BIRMINGHAM, Alabama -- A federal judge Monday denied bond for a Huntsville man facing misdemeanor charges that he illegally wore an Army combat uniform and military medals.
U.S. Magistrate Judge John Ott denied bond for Christopher Bernard Graham at the end of a nearly two-hour hearing at the Hugo L. Black U.S. Courthouse in Birmingham.
Kevin Butler, the public defender for the Northern District of Alabama, said that while they respect the judge's decision, they do not believe Graham was a flight risk or danger to the community. He said his office looks toward vigorously defending Graham in court, but declined to discuss the specifics of the charges.
Graham, 43, was charged in May with two counts of wearing an Army combat uniform and eight counts of wearing medals or badges he didn't earn, according to court records that were only recently unsealed for public view. He was arrested Aug. 14 on the charges.
The medals or badges were the Combat Infantry Badge, the U.S. Army Ranger Tab, the U.S. Army Senior Parachutist Qualification badge, and the U.S. Army Air Assault Qualification badge, according to court records.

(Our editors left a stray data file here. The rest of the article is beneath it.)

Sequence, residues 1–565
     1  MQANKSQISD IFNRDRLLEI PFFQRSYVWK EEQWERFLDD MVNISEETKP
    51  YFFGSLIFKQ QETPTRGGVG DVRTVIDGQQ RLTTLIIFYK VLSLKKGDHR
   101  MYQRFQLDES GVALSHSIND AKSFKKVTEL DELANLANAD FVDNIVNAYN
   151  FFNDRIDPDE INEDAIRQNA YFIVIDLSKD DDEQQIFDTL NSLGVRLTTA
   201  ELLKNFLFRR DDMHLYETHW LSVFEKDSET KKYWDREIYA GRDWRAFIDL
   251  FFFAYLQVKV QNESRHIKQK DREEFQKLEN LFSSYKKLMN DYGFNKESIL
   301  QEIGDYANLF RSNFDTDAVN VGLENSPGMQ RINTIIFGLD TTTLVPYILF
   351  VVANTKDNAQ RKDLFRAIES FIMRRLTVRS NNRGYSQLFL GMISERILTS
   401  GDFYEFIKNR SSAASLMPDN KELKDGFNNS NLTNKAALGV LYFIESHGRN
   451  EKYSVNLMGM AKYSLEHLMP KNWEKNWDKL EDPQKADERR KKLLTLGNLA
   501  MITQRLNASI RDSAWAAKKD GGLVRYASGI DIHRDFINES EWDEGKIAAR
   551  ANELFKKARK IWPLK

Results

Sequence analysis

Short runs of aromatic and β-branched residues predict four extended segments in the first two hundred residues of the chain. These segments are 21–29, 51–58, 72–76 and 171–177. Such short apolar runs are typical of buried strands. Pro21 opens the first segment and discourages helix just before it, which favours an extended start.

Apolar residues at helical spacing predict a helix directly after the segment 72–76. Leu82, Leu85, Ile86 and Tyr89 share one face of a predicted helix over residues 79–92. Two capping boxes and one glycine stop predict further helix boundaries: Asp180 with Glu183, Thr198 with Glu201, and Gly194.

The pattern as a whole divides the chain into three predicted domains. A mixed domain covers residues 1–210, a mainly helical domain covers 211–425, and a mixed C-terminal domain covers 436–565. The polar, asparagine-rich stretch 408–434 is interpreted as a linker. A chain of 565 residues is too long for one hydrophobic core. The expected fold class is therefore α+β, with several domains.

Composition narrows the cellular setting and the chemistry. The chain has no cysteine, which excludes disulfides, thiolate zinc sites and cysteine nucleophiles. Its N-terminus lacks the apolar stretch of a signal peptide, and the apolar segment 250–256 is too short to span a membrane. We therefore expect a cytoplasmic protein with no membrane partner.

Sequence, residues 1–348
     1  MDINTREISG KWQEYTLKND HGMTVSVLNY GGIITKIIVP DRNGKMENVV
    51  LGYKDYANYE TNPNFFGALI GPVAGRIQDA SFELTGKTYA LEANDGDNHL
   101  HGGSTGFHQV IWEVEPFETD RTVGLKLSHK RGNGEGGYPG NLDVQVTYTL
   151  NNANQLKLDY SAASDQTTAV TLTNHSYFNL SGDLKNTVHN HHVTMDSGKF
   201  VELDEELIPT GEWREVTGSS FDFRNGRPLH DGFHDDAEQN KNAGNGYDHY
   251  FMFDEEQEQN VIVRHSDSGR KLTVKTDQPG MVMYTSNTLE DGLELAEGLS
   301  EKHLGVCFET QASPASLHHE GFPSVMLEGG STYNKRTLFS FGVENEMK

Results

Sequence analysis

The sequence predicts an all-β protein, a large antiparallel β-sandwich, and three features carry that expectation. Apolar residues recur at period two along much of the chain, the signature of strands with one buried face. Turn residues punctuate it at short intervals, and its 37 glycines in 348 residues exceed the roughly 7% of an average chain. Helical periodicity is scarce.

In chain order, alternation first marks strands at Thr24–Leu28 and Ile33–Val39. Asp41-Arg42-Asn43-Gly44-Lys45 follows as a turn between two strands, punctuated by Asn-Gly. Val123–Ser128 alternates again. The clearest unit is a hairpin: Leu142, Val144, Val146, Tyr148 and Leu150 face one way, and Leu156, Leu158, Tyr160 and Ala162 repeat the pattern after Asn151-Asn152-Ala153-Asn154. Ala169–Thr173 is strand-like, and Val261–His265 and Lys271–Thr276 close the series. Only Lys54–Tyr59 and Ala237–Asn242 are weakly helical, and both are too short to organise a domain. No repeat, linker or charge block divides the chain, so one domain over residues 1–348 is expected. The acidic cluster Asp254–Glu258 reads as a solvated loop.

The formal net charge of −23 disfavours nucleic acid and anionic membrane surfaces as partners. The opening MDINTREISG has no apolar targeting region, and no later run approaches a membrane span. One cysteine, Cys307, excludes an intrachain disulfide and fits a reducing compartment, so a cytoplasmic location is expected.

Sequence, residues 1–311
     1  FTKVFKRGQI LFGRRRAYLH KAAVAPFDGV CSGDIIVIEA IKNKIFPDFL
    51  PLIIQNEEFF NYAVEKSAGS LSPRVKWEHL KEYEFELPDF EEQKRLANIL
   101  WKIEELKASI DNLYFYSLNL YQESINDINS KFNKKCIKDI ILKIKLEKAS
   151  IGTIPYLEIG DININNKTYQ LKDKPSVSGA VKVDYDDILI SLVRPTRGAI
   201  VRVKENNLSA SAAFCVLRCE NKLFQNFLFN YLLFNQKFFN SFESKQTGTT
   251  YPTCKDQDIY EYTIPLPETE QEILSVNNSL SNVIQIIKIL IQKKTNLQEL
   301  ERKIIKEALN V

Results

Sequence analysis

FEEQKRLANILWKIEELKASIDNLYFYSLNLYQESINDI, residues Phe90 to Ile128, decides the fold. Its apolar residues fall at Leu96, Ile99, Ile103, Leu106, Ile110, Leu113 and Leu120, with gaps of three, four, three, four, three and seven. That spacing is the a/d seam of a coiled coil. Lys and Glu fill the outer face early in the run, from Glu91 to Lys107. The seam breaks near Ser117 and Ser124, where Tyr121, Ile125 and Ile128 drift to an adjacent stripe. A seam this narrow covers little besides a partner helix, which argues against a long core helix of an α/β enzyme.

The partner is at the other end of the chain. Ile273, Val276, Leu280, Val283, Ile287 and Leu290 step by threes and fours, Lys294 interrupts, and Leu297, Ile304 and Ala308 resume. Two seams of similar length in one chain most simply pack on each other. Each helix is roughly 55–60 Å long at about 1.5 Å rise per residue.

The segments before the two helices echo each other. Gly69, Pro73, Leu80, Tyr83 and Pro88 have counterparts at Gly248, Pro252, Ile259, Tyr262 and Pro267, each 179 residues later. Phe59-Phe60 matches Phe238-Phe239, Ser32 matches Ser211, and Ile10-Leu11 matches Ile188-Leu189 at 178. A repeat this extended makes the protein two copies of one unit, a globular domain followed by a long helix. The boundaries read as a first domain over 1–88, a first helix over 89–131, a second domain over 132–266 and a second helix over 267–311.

Jonathan Sumner, special agent with the FBI in Huntsville, testified at Monday's hearing that the FBI began an investigation in April 2011 after getting a call from a security officer at Huntsville Hospital. The hospital security official told the FBI that a man claiming to be a major at Redstone Arsenal wanted to make a complaint that a hospital employee was stealing controlled narcotics and distributing them to soldiers under his command.
The woman turned out to be a former girlfriend of Graham and the accusation was not true, Sumner said. And there was no such person who was a major at Redstone Arsenal, he said.
The woman told the FBI that she had met Graham at a gym and that he had offered to be her personal trainer, Sumner said. Graham also claimed to be a major in the U.S. Army and the woman provided the FBI with photos of him wearing a uniform, he said.
Sumner testified that he found other incidents in which Graham dated other women and claimed to be a military officer.
Graham had been in the Army at one time, Sumner testified. He said according to the military, Graham was released from service in 1993 for "other than honorable discharge in lieu of court marshal" with a notation of desertion.
Sumner said that Graham had admitted to him that he had not earned the medals. Graham also had not been an officer, he said.
Graham's fiancee, a Decatur police officer, had offered to be a third party custodian in the case to watch Graham while he's out on bond. But the judge declined to release Graham on bond after she testified.
Ott, who said he rarely detains people for misdemeanors, told the public defenders that he would consider the possibility of another person as a custodian in the case.